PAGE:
Cammino dei Briganti: Like bandits in Abruzzo | The traveler

The Cammino dei Briganti is only an hour away by motorway from Rome. However, this corner located in Abruzzo, in the central part of the Apennine mountain range, is hardly known not only by international tourism, but also by Italians themselves. You can get to this remote highway of the bandits, Puerta del Mezzogiorno, leaving the A-24 motorway towards Avezzano at the height of Pietrasecca, one of those villages perched on a rocky area that is so abundant in southern Italy.

Shortly before reaching the first town, Sante Marie, the main driver of the Cammino dei Briganti, a la izquierda de una curve, junto al Mastroddi farmhouse, a small tombstone is erected in homage to General José Borges and his 20 co-religionists, mainly Catalans and Valencians, who were shot in December 1861 for joining the brigantes raised in arms against the annexation of the Mezzogiorno by Piedmont. This farm, now abandoned, is within the Grotte di Luppa nature reserve, known both for its grotto with a kilometer of rooms and galleries explored by cavers and for the large production of chestnuts, a dried fruit that gives a touch of distinction to the gastronomy, pastries and traditional liquors of Abruzzo. Luciana Orlandini, municipal manager of this reserve, explains, while showing the Brigantaggio Museum (of banditry), that those rebels, despite this derogatory qualification, were not criminals, but partisans who did not accept the new masters of Italy.

In memory of that popular insurrection, the progressive City Council of Sante Marie launched this route in 2016 following the model of the Camino de Santiago and similar to other similar initiatives that emerged in southern Italy. Officially called the Posunitario Brigantaggio, that dramatic period between 1861 and 1868 was actually a bloody civil war, not yet recognized as such.

The Cammino dei Briganti, marked with the red-and-white markings of the great routes, runs for 100 kilometers in seven stages that take the traveler to a rugged Italy, with spectacular panoramic views and open spaces surrounded by an overflowing nature, passing through small towns inhabited by simple people of welcoming frankness. As in Compostela, at the end of each section the walker’s notebook must be sealed, which is guaranteed bed and food. Due to the unexpected success of the Cammino, reopened after the hard months of the pandemic and having reached 30,000 adhesions on its blog, its managers strongly recommend starting the trip with the reservations made and using the map that Sante Marie has just reissued.

The shortest stage is the first (5.6 kilometers), of Sante Marie a Saint Stephen, where La Grande Quercia offers authentic Abruzzo food; and the longest, the last, between Le Crete and Sante Marie (21 kilometers). From Saint Stephen the journey enters Valdevarri to reach Nesce (13.9 km), continuing the third stage until Cartore (16.6 km), a small place that gave its name to the main brigade group in the area: the Cartore, led by Berardino Viola.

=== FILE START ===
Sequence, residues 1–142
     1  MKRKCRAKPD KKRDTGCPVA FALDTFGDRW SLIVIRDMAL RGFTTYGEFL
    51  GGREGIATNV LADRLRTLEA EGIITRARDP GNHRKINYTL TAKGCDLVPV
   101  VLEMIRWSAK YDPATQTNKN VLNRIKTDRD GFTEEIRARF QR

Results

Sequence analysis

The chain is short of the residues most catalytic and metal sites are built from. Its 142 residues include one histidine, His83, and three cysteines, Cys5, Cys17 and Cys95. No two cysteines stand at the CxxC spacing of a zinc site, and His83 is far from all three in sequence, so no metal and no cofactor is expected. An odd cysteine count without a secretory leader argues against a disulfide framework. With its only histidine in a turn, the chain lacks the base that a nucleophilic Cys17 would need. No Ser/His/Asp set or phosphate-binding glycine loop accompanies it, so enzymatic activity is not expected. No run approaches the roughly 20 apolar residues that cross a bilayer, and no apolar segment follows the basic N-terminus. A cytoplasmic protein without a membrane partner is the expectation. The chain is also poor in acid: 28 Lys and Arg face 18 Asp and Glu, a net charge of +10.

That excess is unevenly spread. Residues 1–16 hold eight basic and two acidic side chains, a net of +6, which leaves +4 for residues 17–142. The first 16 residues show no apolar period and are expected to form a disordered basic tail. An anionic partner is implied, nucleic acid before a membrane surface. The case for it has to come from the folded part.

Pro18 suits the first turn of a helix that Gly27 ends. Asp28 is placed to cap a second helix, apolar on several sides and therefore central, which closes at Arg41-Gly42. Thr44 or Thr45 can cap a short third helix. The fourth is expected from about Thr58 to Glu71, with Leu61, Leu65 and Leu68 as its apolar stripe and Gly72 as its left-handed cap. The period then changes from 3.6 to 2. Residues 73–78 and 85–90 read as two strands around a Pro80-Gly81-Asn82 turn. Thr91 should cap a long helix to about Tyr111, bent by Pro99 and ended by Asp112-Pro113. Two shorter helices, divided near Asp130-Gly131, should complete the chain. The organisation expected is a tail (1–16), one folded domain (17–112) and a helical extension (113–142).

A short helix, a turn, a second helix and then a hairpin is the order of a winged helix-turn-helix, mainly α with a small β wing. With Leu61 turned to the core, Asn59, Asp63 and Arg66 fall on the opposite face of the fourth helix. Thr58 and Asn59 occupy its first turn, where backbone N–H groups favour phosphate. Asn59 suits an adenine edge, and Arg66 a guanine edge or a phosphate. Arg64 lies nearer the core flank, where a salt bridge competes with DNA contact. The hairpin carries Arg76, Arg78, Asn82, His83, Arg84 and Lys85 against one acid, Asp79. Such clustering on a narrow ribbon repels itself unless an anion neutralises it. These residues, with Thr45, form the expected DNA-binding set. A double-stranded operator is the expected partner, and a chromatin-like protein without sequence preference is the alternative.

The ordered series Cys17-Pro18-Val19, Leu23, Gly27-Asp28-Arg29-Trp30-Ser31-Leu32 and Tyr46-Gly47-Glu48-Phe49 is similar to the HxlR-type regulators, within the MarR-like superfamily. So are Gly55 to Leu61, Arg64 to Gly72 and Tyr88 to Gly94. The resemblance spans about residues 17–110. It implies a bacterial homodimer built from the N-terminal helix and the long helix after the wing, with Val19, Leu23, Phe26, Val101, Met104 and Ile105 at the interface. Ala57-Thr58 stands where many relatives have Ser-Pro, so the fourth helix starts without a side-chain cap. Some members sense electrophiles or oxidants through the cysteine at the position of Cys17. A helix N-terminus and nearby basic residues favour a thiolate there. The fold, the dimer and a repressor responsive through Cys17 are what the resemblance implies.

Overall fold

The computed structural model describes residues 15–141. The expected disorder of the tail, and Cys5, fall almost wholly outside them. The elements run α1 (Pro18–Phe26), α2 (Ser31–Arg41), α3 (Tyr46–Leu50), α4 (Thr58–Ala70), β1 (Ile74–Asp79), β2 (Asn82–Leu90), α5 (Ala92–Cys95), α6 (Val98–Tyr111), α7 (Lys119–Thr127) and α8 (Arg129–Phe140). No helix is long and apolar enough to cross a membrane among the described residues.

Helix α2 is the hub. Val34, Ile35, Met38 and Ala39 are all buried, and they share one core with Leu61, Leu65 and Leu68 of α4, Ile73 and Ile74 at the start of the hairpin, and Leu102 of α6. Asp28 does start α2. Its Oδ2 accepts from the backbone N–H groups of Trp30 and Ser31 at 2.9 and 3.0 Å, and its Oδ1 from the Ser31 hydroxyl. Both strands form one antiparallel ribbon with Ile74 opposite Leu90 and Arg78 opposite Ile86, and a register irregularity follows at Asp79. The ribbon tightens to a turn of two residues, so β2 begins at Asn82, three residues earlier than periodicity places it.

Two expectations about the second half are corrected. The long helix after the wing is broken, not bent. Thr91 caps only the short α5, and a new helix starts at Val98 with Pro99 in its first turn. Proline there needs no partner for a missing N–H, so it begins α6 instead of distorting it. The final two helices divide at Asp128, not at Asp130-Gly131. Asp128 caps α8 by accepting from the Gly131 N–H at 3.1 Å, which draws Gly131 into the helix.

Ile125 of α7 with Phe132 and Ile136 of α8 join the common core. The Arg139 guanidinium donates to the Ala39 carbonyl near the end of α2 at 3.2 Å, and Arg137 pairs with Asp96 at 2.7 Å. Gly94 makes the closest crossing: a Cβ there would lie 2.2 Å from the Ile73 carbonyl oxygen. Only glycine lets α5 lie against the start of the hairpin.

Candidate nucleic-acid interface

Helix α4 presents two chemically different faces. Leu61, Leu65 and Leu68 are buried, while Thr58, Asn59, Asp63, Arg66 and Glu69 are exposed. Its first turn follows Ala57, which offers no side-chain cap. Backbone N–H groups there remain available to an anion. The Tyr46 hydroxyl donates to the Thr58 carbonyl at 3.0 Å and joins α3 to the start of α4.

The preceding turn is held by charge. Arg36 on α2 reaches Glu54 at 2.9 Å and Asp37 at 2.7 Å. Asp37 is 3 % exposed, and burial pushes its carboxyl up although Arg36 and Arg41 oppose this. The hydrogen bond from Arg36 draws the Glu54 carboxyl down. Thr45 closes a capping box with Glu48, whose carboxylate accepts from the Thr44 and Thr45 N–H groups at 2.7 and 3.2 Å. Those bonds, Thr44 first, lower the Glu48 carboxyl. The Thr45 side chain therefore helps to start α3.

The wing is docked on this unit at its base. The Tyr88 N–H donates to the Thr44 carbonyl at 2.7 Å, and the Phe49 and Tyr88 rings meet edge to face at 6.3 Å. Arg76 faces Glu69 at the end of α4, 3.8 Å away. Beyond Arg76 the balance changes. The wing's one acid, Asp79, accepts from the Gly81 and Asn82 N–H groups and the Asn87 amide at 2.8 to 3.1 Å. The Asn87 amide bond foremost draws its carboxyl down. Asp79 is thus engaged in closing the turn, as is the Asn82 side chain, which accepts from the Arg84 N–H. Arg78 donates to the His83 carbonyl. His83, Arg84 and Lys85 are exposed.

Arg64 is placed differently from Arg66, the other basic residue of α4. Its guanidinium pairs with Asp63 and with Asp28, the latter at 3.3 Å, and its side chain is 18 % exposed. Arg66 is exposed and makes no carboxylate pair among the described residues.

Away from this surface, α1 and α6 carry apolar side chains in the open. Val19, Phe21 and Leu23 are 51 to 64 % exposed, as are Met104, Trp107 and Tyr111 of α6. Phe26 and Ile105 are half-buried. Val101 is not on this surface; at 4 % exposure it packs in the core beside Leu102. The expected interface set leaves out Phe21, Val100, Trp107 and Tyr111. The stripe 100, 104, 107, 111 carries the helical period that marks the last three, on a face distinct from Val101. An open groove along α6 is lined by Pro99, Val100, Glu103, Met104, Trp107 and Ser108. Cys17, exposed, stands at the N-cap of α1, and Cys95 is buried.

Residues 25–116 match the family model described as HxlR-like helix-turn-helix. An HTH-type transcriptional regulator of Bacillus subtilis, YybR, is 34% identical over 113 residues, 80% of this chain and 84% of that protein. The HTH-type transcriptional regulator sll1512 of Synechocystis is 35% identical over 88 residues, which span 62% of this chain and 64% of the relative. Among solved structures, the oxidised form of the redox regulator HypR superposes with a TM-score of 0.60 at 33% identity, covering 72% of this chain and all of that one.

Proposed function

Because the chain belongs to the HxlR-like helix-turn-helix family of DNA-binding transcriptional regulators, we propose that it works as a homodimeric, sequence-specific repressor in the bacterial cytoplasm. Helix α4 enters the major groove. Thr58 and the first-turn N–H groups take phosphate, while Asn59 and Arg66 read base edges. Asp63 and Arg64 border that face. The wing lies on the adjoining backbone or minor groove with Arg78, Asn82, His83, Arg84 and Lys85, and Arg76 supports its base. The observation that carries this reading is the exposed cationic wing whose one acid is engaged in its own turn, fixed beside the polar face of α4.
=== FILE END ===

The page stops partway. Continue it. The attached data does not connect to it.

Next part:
The fourth stage is the most difficult; starts and ends in Cartore: 15 kilometers with 900 meters of unevenness. The fifth (8.2 km) allows you to visit the two medieval jewels that survived the devastating earthquake of 1915: the Romanesque church of the Porclaneta valley, with valuable reliefs inside, and the colorful frescoes of Santa Maria de Rosciolo, one of the towns that, as occurs with Scurcola (sixth stage), allow the walker to be taken back to the scenarios where the brigands they imposed their law.

Many of the works of art that resisted the cataclysm in the region can be seen in the Renaissance castle of Celano, whose medieval rooms have been transformed into an excellent sample of artistic anthology. Its panoramic view dominates the plain of the old Fucino lake, the third largest in Italy until it was dried out at the end of the 19th century. From its battlements one can also imagine Borges’s group skirting the lake on horseback without knowing that they were going directly to meet death. Here is the Paludi Museum, which collects archaeological pieces from the Roman period found both in the sanctuary of Angitia, goddess of snakes, as in Alba Fucens, the Pompeii of Abruzzo as the end of the city is associated with another great earthquake in antiquity. Considered the first great colony of the republican period (it was founded in 303 BC), it is only excavated in its central part, preserving an excellent amphitheater. At the other side of lago The Claudio Tunnels, huge hydraulic work, also from Roman times, carried out to control the level of the dammed water.

Something further, Tagliacozzo It maintains its medieval appearance, which those veterans of the Carlist wars could still admire before being shot. They received confession in the convent of San Francisco, next to the beautiful Renaissance well of the cloister, to later lead them through the Gothic door of Marsi to the place of sacrifice in the ducal square, where today a bust is raised in their honor and they are paid tribute every December 8. Just a few meters away, in front of the post office, is the Osteria del Borgonovo, one of the best restaurants in the area. Its grilled meats are more reminiscent of Cantabrian or Basque grills than of hackneyed menus saturated with pasta. It is another of the hallmarks of these Abruzzo mountains, which allow the traveler to dive into deep Italy just leaving Rome, also opening the door to that unknown reality that is the Mezzogiorno, following the still-living paths of the brigands.

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George Holan

George Holan is chief editor at Plainsmen Post and has articles published in many notable publications in the last decade.

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